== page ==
9 September 2010

(S3O-11291) Opencast Mining

13. Robin Harper (Lothians) (Green): To ask the Scottish Executive what limits, if any, it is considering imposing on further development of opencast mining. (S3O-11291)

The Minister for Transport, Infrastructure and Climate Change (Stewart Stevenson):

Scottish planning policy fully sets out the Scottish Government's planning policies on surface coal mining. No further limits on development are being considered in relation to opencast mining.

Robin Harper: In 2009, the Scottish ministers issued a new planning circular that removed a key safeguard for local communities that are threatened by opencast mining in their areas. Between 2007 and 2009, permission was granted for an increase of one third in the tonnage of coal that companies could extract by opencast mining. The minister is aware of the concerns that communities throughout Scotland—from Mainshill in Ayrshire to the Airfield site on the border between East Lothian and Midlothian—have about the new opencast plans. Will he meet me and representatives of those communities to discuss their concerns?

Stewart Stevenson: In view of the role that I may play in any planning decision, including the ones to which Robin Harper referred, I will be unable to meet on the terms that he suggests. However, I offer a meeting with my officials, who can discuss the details of our policy and practice. That should be of assistance to him.

(S3O-11208) Road Equivalent Tariff Pilot (Extension)

10. Charlie Gordon (Glasgow Cathcart) (Lab): To ask the Scottish Executive whether its decision to extend the road equivalent tariff pilot until 2012 was based on an independent evaluation. (S3O-11208)

The Minister for Transport, Infrastructure and Climate Change (Stewart Stevenson):

The Government is committed to supporting lifeline ferry services and promoting economic growth in all our remote and island communities. We are piloting the road equivalent tariff approach to setting fares in Scotland because we believe that it is the best way to deliver cheaper fares for islanders, tourists and businesses. The RET pilot has been focused on the Western Isles, but we want it to pave the way for fair ferry fares for everyone.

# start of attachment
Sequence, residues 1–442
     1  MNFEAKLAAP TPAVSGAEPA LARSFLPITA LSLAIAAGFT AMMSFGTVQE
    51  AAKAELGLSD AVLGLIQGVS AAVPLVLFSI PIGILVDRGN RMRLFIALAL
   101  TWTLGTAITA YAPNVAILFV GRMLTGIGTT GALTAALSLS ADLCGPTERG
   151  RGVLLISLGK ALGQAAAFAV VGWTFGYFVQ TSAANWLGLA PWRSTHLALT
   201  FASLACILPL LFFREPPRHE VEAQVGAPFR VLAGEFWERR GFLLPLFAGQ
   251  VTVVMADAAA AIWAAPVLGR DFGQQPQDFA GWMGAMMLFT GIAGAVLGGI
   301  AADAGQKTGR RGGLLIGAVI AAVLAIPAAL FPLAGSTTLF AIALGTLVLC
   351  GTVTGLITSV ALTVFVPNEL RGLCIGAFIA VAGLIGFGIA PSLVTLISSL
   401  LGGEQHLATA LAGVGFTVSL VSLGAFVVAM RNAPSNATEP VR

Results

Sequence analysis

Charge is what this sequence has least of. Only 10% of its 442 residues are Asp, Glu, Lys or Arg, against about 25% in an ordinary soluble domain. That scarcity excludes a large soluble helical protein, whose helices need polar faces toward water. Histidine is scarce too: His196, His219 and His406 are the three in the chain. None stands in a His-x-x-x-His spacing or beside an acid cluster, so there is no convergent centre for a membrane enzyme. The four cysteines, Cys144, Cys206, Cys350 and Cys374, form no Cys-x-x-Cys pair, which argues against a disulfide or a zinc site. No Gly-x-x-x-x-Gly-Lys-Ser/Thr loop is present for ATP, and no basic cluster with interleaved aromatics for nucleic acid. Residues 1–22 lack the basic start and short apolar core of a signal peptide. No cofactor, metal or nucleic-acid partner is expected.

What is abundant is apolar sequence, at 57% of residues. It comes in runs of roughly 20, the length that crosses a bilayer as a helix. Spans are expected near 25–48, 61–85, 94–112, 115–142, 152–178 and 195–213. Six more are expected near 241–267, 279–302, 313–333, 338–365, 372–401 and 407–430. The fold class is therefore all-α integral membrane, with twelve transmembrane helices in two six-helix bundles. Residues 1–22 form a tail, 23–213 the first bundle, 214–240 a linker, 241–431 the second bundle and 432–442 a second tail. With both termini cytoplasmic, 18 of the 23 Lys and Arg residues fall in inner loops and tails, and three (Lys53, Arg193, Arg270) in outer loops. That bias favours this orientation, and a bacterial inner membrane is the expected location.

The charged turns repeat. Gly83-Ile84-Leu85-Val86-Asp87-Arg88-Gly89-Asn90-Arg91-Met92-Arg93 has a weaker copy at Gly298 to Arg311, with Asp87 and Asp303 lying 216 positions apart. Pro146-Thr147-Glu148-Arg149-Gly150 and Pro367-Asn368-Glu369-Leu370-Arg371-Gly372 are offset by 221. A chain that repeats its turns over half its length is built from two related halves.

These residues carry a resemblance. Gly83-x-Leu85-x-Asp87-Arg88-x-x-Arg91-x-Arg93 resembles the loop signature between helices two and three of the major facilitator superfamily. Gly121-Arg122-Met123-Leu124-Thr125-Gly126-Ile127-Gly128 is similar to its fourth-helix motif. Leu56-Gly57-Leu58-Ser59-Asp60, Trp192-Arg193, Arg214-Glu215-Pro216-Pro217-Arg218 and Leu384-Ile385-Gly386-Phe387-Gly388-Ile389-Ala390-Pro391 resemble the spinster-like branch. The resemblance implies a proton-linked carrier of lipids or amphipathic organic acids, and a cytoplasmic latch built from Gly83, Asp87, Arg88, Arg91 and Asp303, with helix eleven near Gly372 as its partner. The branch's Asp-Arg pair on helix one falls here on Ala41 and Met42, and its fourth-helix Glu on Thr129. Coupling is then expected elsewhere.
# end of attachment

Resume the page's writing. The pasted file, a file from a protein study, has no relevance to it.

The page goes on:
The recent announcement extending the RET pilot for a further year will allow CalMac Ferries to publish its fares for 2011 so that businesses can plan ahead. The final evaluation of the pilot will be completed in 2011. The decision on whether to roll out RET to other routes will be taken next year, once the results of the evaluation are available and have been considered by ministers.

Charlie Gordon: Let me quote from the independent report, "Road Equivalent Tariff Study: Interim evaluation" of March 2010, which was commissioned by the minister from Halcrow Fox. The evaluation states on page 73:

"It is generally too early to say whether RET has resulted in lowering the cost of living and reducing costs for local businesses."

It goes on to mention a "final evaluation"—that was to be in December this year, the minister originally told the Parliament. Why is the minister rushing to judgment, before the final evaluation, so as to sustain 40 per cent fares cuts in the Western Isles, Coll and Tiree—and good luck to them—whereas the fares for most other island communities have increased by nearly 10 per cent on his watch? Is his ferry story not just crude electioneering?

Stewart Stevenson: The selection of the Western Isles for the RET pilot was based on economic and social factors. [Laughter.] There has been a 19 per cent drop in the population of the Western Isles in the past 20 years, which is not by any means a matter of levity for the people who live there. [Interruption.]

The Presiding Officer (Alex Fergusson): Order.